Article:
Yes, post-split, the Maoists must know their electoral prospects are dim. They must also feel that since it was UCPN (Maoist) leadership which announced CA polls, elections should be held under the same party. I don’t think Baburam Bhattarai is serious when he accuses Congress of not wanting to hold elections. This is only an excuse to cling to power. If there is no broad-based agreement by January 9, the chances of CA polls by May will be significantly reduced.
How have you seen the role of the Madhesi parties in the ruling coalition?
I don’t want to comment on the Madhesi parties beyond saying that they want to prolong their tenure in government. I believe the bulk of the responsibility for breakthrough rests with the party with government leadership.
Of late, PM Bhattarai has been talking up the option of a third-party, neutral candidate. Will this be acceptable to Congress?
If there is third-person leadership, the state of chaos witnessed in Nepal between 1950 and 1955 will be repeated. At a time a government led by the biggest party in the country has failed to hold election, how can a neutral candidate, without any public mandate, succeed? That will only complicate the situation.
You say that there should be broad agreement between the parties. The ruling coalition has also been saying that there should be a package deal. How are the two sets of proposals different?
Look, let me say this again, all issues have already been settled. The only hindrance to a breakthrough at this point in time is the refusal of Baburam Bhattarai to make way. You see, there are no differences on the minimal agreement needed for May polls. This includes removing constitutional hurdles, adequately staffing the Election Commission, declaration of electoral day and establishment of consensus government to achieve these goals.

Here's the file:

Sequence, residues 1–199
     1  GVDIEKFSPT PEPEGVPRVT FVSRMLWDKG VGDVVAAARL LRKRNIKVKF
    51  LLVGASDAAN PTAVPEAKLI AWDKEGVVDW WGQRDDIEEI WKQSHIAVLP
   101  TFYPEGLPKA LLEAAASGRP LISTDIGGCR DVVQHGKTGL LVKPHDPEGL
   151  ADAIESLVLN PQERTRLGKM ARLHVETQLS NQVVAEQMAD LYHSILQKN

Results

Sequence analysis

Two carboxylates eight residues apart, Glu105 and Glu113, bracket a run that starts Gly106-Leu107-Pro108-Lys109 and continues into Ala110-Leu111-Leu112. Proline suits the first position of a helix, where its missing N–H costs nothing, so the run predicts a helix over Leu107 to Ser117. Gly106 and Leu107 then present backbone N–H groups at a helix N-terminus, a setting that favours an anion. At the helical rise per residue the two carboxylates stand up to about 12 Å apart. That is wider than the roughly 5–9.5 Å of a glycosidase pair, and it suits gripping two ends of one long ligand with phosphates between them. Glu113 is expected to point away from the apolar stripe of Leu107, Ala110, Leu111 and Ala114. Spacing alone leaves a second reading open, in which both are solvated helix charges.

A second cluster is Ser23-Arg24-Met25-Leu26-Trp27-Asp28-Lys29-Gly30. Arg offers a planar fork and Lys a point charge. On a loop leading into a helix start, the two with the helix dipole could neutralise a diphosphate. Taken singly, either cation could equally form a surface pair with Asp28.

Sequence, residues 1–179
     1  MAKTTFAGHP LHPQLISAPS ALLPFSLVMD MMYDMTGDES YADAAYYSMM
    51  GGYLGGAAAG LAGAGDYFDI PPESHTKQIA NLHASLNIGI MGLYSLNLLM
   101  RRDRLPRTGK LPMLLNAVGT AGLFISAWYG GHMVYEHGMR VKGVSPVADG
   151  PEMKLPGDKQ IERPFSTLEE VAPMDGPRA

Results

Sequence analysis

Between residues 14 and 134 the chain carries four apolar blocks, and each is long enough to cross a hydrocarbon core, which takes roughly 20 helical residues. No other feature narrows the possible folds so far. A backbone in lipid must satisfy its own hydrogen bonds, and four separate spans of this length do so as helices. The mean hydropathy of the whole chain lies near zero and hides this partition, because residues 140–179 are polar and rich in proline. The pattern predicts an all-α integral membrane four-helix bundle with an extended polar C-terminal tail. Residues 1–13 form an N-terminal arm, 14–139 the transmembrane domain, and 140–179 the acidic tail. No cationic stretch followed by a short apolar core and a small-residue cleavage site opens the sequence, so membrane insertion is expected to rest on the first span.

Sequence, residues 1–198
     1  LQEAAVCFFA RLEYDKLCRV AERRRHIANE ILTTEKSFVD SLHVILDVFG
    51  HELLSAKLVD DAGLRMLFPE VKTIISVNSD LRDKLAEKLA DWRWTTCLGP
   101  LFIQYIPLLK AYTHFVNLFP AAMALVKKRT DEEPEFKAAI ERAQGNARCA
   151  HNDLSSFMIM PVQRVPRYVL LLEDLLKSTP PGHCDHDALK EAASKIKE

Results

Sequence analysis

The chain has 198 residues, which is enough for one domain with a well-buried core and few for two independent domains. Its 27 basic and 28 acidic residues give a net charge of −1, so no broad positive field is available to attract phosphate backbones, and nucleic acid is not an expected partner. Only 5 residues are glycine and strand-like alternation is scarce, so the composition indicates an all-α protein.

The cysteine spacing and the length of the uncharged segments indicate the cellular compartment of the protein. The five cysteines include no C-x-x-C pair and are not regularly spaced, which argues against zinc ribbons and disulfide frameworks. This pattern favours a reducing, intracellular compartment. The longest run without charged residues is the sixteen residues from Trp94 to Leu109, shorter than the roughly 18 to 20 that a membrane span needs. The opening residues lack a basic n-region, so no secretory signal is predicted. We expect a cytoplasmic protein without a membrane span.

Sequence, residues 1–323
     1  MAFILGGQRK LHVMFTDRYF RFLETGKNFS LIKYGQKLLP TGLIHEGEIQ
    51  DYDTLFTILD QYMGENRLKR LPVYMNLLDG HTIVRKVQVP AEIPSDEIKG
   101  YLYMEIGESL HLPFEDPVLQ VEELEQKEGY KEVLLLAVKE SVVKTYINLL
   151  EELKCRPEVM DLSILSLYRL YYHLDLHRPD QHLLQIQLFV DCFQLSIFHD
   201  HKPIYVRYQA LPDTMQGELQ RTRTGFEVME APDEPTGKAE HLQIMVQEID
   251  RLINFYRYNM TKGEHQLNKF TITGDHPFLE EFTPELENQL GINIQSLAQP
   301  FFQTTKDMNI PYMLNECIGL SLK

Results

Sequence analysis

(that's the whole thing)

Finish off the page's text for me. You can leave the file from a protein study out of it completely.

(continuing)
There is also the argument that if the country goes for new polls without institutionalizing past achievements, post 2006 achievements would be under risk.
The interim constitution clearly provisions for a constitution of a federal, democratic republic. The new CA cannot override this principle. The current practice of accusing someone of being anti-federalist, I believe, is a part of electoral politics. No party at present is anti-federalist.
What about the demand that past agreements be tabulated before agreement on new polls?
This goes without saying. The work carried out by the old CA will serve as the property of the new CA.
Is consensus government under Congress leadership the only way out at present?
That is the need of the hour. There is no question of government leadership from among the ruling coalition. We believe the ruling coalition must accept the responsibility for the one-sided decision on May 27. That leaves Congress and UML. Since UML has already made an institutional decision to back Congress, Congress leadership becomes natural. Another thing is that Congress settled its prime ministerial candidate after UML and Maoists asked us to do so, to show them that we were serious. To put forth new preconditions now is not right.
A great deal has been made of the apparent differences between Maoist Chairman Pushpa Kamal Dahal and vice chairman Baburam Bhattarai over new government formation. What do you make of it?
In my discussions with the two leaders, both had accepted the proposal that the current government would clear the legal and constitutional hurdles, after which it would make way for NC-led government. But two days later, Bhattarai went back on his words, and asked Congress to join his government instead. This shows that at the heart of the current crisis is Baburam Bhattarai’s bal hath (childish stubbornness).
How has the prime minister been stubborn?
Let us compare Baburam Bhattarai and Pushpa Kamal Dahal. I have known both for a long time. Both come across as highly ambitious, more than is necessary at times. But in today’s context, I believe Baburam Bhattarai has become addicted to power. At least, Dahal had resigned on moral grounds over the disagreement over the appointment of Army chief in 2009. But even after Bhattarai made an enormous blunder by unilaterally announcing election on May 27, he seems not to have realized his folly yet. This, I believe, is a historical failure of Baburam Bhattarai. Even though I am his political adversary, I would like to remind Bhattarai that any politician who leaves behind value-based politics in his quest for power will sooner or later fall down, so hard he will never be able to stand up again. But there is still time for Bhattarai. He should not fail to understand the need of time and situation. He could still add a feather to his cap by taking personal responsibility for the formation of consensus government.